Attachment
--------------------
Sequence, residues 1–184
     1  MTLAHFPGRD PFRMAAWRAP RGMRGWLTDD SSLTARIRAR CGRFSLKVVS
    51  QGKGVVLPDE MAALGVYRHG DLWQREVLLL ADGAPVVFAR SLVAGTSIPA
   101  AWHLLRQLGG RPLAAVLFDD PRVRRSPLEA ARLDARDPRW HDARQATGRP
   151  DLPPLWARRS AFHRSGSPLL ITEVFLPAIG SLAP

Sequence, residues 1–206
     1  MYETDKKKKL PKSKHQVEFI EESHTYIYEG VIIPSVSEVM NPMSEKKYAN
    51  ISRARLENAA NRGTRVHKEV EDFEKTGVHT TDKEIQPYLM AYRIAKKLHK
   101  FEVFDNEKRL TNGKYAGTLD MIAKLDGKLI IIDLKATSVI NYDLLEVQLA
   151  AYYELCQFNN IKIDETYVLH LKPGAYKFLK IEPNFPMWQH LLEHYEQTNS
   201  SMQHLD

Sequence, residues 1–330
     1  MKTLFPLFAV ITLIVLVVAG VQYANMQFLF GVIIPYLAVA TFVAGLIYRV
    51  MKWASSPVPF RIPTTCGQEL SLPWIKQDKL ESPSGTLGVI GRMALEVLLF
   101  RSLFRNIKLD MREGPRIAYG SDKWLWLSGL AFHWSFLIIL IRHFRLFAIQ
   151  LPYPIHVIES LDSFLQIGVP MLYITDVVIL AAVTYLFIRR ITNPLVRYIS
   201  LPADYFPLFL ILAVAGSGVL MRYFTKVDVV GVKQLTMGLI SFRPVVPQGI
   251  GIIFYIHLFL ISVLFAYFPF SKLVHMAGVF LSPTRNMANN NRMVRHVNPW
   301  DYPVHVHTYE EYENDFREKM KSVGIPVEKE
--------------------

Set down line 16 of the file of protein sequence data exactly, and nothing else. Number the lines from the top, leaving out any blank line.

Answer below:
   151  LPYPIHVIES LDSFLQIGVP MLYITDVVIL AAVTYLFIRR ITNPLVRYIS